A large, muscular, powerful dog, the Mastiff dog has a broad head and body, a powerful build and legs quite wide apart. He stands at approximately 72-80cm in height when fully grown and weighs up to 73kg. His short coat comes in apricot, fawn or brindle.
- Category size: Giant
- Grooming requirements: Once a week
- Shedding: Moderate
- Allergies: No
- Noise: Not too noisy
- Dog Group Kennel Club: Working
- Alone: 1 to 3 hours
- Other pets: Medium
- Stability as a guard: High
One of the ancient breed types, Mastiff-like dogs have been known in the UK since before Roman times. The conquering Romans adopted them and used them as gladiators for the arenas. A popular dog of war, 400 Mastiff dog breeds are reputed to have been given by Henry VIII to the Holy Roman Emperor Charles V to help boost his armies. The breed has also been used for baiting bulls and bears, as well as acting as a guard dog.
A calm dog that is loving towards his family, he is a guarding breed and is indifferent towards strangers. With children in the family, he is affectionate and devoted, but his sheer size can result in accidental injury if there are little ones in his path. For this reason, he is best in a home with older kids.
As with many breeds, Mastiff dog breeds can suffer from various hereditary eye disorders, and hip and elbow dysplasia (joint conditions that can be painful and lead to mobility problems). Eye testing and hip scoring of dogs prior to breeding is therefore important. They are also prone to a particular bladder condition and ligament problems in the knee (cruciate disease).
The Mastiff dog breed needs about an hour's exercise a day and are inclined to be quite lazy, enjoying a good snooze in a comfortable, warm spot. Do not over-exercise when young, as the breed is prone to skeletal problems, which can be exacerbated by muscle and joint strain in a growing dog.
Giant-breed dogs, as well as having giant appetites, benefit from a different balance of minerals and vitamins, supporting different joint and cartilage needs. The Mastiff is prone to bloating and stomach problems; try feeding smaller, more frequent meals to help minimise the risk.
The short coat is coarser around the ruff area (neck and shoulders), and requires very little attention; a brush over once a week should suffice.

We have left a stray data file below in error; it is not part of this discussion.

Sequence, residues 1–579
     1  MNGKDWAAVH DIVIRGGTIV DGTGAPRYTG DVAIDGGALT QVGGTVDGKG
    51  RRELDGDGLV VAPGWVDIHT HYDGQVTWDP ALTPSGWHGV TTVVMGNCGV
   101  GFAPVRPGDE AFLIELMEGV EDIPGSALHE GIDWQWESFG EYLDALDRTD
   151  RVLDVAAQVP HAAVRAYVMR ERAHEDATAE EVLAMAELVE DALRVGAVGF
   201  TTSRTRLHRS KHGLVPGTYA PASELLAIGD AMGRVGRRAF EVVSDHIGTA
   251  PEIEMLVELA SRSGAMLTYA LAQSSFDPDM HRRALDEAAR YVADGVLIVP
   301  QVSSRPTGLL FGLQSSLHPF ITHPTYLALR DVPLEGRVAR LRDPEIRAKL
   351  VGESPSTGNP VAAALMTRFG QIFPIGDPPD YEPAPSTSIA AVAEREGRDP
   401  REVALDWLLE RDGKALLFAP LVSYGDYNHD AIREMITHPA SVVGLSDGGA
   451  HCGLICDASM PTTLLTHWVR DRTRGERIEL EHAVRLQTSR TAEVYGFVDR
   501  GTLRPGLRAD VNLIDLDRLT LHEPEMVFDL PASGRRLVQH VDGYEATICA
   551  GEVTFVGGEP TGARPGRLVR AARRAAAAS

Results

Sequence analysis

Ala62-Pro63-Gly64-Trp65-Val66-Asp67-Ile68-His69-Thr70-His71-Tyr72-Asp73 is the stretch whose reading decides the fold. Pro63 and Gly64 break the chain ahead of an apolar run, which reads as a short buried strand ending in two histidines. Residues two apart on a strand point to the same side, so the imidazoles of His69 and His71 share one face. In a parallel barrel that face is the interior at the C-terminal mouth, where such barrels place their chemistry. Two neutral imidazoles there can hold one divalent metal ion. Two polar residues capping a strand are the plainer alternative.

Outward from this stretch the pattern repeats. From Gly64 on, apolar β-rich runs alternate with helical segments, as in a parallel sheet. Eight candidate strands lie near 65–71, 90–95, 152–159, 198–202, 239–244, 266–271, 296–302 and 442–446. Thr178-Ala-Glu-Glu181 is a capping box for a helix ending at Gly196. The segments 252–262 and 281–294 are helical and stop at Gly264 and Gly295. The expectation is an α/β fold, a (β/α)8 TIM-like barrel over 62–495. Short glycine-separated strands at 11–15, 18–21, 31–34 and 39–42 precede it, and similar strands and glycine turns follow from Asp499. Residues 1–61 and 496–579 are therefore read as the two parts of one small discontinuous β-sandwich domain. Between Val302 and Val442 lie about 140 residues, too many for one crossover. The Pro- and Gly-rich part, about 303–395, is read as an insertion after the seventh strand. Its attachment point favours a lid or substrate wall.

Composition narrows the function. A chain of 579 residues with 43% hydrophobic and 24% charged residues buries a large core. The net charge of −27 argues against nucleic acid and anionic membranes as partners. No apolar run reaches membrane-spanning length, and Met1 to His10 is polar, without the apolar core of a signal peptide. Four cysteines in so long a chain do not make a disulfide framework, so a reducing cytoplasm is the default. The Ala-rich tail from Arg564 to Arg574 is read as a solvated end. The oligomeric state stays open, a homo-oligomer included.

Is this the right dog breed for you?
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What to Consider next
It is incredibly fulfilling to adopt a dog from an animal shelter or rescue organization. It often means offering them a second chance in life. There are many dogs waiting for a loving family, a forever home. Reputable centers will be very careful about matching the right people with the right dogs. Staff learns all they can about the dogs they take in, and will spend time getting to know you, your family and your lifestyle, before they match you with any of their dogs. They’ll also be happy to give you advice and answer any questions you might have before and after the adoption.
Finding a good breeder
If your heart is set on a pedigree puppy, then your best bet is to find a reputable breeder. Contact The Kennel Club or a breed-club secretary who may have a list of litters available, or should be able to put you in contact with breeders in your area. Try to choose a breeder who is part of the Kennel Club’s assured breeder scheme.Visit dog shows to meet breeders in person and inquire about availability of pups of your chosen breed.
Welcoming your dog home
Whether you’re bringing home a tiny puppy or rehoming an adult dog, this is a hugely exciting time for everyone. While you’re waiting for the big day you might need to distract yourself, so luckily there are a few things you need to sort out before you welcome your new arrival. Click here for more information